resistance offered to pressure is entirely dependent on tho character of the
floor backing the rammed part of the pit. In the case of tank or brick pitH,

if originally rammed in even courses to the top, then, on digging out to place
a mould, more or less compact sand surrounds tho hole 80 formed, and a more
80lid backing is thus obtained for the sand rammed between the nlolIld and
the sides of the hole dug out. It is absolutely necessary to regard these
limitations to both weights and pit ramming, and some recognition of thenl
in the past would have saved many wasters, and, in several cases, accidents
to members of the CaBting squad. At any rate, the lessons of these wasters
most forcibly show that pit ramming should never be regarded as a substitute
for binding, and that there is more in placing a weight on a mould than
aotually meets the eye.
Complete boxes offer no difficulty in securing. When the mould is con-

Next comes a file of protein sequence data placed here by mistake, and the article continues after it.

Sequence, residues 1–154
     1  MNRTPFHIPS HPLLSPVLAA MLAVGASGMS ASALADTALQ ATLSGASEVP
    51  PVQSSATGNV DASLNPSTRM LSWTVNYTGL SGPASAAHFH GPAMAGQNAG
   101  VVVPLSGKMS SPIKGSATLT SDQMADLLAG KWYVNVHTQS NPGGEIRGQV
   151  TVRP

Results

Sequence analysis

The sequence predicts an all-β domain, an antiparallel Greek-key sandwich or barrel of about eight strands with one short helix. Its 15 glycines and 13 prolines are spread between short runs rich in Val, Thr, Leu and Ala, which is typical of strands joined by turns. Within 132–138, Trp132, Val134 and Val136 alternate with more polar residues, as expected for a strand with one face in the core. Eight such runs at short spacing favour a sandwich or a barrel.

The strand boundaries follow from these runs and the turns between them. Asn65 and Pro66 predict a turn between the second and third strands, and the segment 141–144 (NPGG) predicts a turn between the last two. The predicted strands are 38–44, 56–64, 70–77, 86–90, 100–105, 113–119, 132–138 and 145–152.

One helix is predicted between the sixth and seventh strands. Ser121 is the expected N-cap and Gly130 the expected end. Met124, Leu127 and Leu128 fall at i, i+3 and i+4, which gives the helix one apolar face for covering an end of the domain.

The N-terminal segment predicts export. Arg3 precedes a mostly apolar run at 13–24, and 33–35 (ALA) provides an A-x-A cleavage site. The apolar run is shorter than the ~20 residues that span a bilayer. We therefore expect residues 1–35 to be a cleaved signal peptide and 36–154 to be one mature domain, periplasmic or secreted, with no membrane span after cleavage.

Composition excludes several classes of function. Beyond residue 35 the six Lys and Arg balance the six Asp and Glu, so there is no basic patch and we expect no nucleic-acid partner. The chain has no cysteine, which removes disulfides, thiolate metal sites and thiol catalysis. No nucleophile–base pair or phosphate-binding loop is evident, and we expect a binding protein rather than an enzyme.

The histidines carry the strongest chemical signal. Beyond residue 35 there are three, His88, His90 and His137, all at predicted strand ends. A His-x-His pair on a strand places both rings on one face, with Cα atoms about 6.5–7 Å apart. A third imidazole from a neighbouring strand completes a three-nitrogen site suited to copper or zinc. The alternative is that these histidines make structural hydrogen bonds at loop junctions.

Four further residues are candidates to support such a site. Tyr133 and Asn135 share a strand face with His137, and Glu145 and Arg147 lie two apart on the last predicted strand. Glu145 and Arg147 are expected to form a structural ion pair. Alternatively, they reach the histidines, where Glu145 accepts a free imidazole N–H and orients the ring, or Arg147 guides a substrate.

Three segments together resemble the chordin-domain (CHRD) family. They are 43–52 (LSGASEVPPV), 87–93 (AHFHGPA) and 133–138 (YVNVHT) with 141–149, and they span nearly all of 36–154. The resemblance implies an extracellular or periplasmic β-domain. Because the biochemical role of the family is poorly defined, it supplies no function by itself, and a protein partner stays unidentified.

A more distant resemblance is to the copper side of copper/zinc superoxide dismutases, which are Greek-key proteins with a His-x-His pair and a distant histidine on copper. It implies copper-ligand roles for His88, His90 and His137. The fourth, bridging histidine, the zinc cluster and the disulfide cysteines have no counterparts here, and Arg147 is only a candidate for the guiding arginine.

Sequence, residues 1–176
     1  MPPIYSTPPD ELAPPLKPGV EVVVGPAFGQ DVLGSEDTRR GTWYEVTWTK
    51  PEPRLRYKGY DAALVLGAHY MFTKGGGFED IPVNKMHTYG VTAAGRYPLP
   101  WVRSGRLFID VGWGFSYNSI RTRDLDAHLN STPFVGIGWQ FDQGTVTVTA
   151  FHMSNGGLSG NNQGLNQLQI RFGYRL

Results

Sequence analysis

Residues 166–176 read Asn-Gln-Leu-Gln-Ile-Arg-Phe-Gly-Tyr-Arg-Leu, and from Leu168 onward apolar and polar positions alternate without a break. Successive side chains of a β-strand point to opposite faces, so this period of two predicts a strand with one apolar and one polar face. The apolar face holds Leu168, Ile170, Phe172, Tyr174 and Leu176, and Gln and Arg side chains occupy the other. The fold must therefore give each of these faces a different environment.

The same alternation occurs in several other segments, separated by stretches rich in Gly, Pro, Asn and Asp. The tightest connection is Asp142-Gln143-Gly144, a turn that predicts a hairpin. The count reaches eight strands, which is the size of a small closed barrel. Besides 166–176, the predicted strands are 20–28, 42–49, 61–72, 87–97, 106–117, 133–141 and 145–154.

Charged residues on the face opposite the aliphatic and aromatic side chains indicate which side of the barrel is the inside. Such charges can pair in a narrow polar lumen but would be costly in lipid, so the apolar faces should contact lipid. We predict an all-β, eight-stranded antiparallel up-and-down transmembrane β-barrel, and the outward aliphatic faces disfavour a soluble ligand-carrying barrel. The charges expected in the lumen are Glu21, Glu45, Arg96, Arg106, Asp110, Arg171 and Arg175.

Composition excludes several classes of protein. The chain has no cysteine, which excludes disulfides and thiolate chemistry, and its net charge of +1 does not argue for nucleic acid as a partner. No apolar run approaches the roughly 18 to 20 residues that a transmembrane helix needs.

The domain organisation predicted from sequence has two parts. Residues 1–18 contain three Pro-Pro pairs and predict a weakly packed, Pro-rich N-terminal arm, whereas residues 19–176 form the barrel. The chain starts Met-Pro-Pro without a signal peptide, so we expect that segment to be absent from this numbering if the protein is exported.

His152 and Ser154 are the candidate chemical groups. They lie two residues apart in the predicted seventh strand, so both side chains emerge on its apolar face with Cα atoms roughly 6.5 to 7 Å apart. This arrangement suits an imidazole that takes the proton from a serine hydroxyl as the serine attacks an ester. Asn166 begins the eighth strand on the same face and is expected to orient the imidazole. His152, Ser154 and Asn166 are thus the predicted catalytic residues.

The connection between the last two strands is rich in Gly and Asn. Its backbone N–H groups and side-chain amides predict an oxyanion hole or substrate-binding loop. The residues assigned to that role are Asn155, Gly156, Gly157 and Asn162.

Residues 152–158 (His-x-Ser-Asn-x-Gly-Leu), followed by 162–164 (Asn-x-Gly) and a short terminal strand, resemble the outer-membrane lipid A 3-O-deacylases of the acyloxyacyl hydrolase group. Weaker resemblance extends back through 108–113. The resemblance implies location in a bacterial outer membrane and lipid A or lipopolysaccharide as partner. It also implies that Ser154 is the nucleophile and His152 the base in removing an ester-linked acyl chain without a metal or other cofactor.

tained in several distinct parts, as, for example, a heavy bedded-in job w'ith
several drawbacks, and covered by a top part in two or more pieces, the
difficulties increase; a remark also applicable to all classes of loam moulds.
Taking heavy bedded-in work first, if a plate is set below the coke bed, an
unyielding 8UppOrt for the sand of the mould is obtained. Not only so, but
bringing stools from the plate to the level of the joint gives a solid bearing
for the top part. Rings passed over the snugs of the plate may be caught in
a hook-ended bolt, tho "screwed end of which Dlay be passed through a girder
placed over the top part. A washer and nut complete the outfit, and a mould
so bound down is "iron to iron" throughout; the top part cannot crush by
reason of the stools, it cannot lift by reason of its attachment to the bottom
plate. This method is followed in all modem foundries, and its virtues are